Christmas cards in the writing center in preschool

My parents should feel quite loved by now because my students have been writing notes and bringing home Christmas cards just about everyday.  I purchased several boxes of Christmas cards from the Dollar store that contained 50 cards and 50 envelopes in each box.  For a dollar and all those cards and envelopes, I decided this was a good investment for the writing center…

Adding these cards to the writing center has raised lots of new interest in writing and drawing….

Just stuffing the envelopes is an interesting challenge for the children. I often find myself wanting to help them with this but I stay out of it – and when they get the card into the envelope they will often come and show me how they have put the card in the envelope and sealed it closed all by themselves!

By the third day of card writing and exploring, the children realized they could also cut out the pictures on the cards which added a new dimension to their card making and writing experience…

And they could glue the pictures on their cards or envelopes too!

Yes, I believe buying a box of Christmas cards for $1 to promote a little writing, cutting, drawing, coloring and the spirit of giving something to mom, dad, brother, sister, grandma, grandpa, and whoever else the children can think of was worth the investment….

By |2017-03-28T22:28:05+00:00December 11th, 2011|

About the Author:

Deborah J. Stewart, M.Ed. has been working and teaching in the field of early childhood education for over 30 years. Deborah currently owns and teaches in her own part-time, private preschool called The Children’s Studio. Deborah’s deep passion for teaching and working with young children is documented and then graciously shared with millions of readers around the world through her blog and other social networking communities. Deborah believes that young children learn best through play and exploration and embraces this belief in all that she does in her own classroom so that she can effectively and passionately share rewarding, real- life, tried-and-true practices with other teachers, parents, and leaders across the field of early childhood education.


  1. Rebecca December 11, 2011 at 11:22 pm - Reply

    How fun! I hope my daughter’s future preschool has a writing center. If I ask the preschool (it’s in an elementary school) and they say “no”, should I rethink enrolling her? It just seems more fun with a group of kids!

    • Deborah J. Stewart, M.Ed. December 12, 2011 at 12:15 am - Reply

      I would be surprised if your child’s future preschool doesn’t have a writing center. If they say “no”, then ask them to describe to you in what ways the do promote writing and see if it is similar to the idea of a writing center:)

  2. Diana December 12, 2011 at 8:03 am - Reply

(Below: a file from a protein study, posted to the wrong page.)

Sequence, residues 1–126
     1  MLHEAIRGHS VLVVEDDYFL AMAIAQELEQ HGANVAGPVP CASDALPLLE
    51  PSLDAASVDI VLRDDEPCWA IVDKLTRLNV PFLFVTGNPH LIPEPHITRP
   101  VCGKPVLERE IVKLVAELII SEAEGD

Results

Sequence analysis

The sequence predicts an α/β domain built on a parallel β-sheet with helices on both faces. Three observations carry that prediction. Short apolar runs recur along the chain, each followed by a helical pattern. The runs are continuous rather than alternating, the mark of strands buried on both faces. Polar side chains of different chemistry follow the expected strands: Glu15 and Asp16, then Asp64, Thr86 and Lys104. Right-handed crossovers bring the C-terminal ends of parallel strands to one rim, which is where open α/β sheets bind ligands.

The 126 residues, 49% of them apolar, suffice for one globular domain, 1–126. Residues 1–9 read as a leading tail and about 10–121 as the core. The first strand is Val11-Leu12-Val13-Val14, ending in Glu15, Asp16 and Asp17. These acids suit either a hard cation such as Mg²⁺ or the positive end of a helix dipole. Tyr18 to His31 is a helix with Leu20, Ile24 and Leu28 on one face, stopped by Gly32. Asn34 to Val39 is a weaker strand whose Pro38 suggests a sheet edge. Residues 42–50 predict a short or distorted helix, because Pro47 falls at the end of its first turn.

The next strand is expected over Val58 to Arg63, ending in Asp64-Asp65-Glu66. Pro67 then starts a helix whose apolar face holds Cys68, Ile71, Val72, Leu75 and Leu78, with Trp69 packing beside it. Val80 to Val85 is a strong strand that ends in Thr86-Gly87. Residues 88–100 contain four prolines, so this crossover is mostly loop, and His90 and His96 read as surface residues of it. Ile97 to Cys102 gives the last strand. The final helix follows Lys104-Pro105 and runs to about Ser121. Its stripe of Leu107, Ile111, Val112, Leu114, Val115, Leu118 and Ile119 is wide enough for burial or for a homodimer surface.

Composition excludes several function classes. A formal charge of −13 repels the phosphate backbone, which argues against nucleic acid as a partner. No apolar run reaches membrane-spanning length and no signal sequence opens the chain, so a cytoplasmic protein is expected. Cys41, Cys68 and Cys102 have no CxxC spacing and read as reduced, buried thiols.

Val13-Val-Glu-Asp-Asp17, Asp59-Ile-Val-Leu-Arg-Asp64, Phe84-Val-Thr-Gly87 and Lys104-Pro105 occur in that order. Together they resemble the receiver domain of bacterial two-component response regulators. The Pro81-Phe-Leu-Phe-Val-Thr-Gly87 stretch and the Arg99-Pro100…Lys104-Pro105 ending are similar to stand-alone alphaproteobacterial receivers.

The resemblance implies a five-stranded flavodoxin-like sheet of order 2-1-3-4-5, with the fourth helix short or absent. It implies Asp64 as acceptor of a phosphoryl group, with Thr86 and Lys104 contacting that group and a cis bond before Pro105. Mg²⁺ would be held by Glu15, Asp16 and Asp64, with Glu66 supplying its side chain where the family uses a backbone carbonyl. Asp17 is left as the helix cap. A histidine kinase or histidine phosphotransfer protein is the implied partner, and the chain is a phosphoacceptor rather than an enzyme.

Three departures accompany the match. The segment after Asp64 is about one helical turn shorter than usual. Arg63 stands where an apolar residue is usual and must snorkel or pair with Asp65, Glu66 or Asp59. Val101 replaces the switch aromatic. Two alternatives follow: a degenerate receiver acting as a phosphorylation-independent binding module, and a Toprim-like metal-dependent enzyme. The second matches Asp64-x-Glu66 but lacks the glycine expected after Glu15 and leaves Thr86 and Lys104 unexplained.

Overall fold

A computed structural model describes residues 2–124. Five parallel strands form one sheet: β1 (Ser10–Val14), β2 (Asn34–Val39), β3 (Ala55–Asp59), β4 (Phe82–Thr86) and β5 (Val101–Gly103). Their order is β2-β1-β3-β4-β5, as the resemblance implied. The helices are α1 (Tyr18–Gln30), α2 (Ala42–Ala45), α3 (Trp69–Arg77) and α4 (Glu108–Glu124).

Question – do you ever have families that don’t celebrate Christmas? And, if so – how do you “deal” with it?

    • Deborah J. Stewart, M.Ed. December 12, 2011 at 10:09 am - Reply

      Yes – I have had families in previous classes that do not celebrate Christmas. This is not the case in my current classroom.

      In past classroom experiences the parents have been made aware that we celebrate these holidays before signing their child up in the program so I didn’t feel like I had to avoid sharing these kinds of activities but in any case, I go to the parent and ask them for ideas that I can do with their child or what their preference is regarding their child’s participation. I find that many activities can be adapted to make them less holiday oriented and more winter focused or like in many of my posts – we focus on the five senses aspect of the holidays rather than on the holiday itself.

      One thing that I find is that when we introduce activities, it gives opportunity for the children to tell me what they do or how they celebrate holidays at home. Taking the time to let the children share what they are doing during the holidays at home and then building on a few of their ideas from home can help too. Finally, I often make sure that I build in activities that have little to do with the holidays too so the children have a choice in what they spend their time doing. My blog tends to highlight the holiday activities right now.

      We have been exploring cars and other transportation:) We have been building ramps just about every day.
      We have been exploring winter and snow.
      We have been exploring ballerinas (due to popular demand:)

      By keeping a variety of holiday and non-holiday choices available for your children to explore, it gives children plenty to do that are holiday and non-holiday related.

      I hope this helps:)

  3. Nancy Brunner December 12, 2011 at 9:59 pm - Reply

    Do the people at the Dollar Store know you by name…..LOL! Great idea!

    • Deborah J. Stewart, M.Ed. December 12, 2011 at 11:16 pm - Reply

      They should!!!! But I make the rounds – we have lots of Dollar Stores near by so I stop by them when I am out and about on a regular basis:)

  4. Miss Eileen December 17, 2011 at 1:14 am - Reply

    We’ve been using Christmas cards in our classroom too – I had a mom donate a bag of recycled card fronts – my younger students are just getting the hang of scissors and glue so they are gladly “cutting out” pictures and gluing them to make their own creations. Lots of learning going on : ) I love the idea of envelopes too – I’ll have to add some to the mix next week.

    • Deborah J. Stewart, M.Ed. December 18, 2011 at 10:40 am - Reply

      Old card make for some great pre-writing opportunities plus they add an environmental print component to your classroom!

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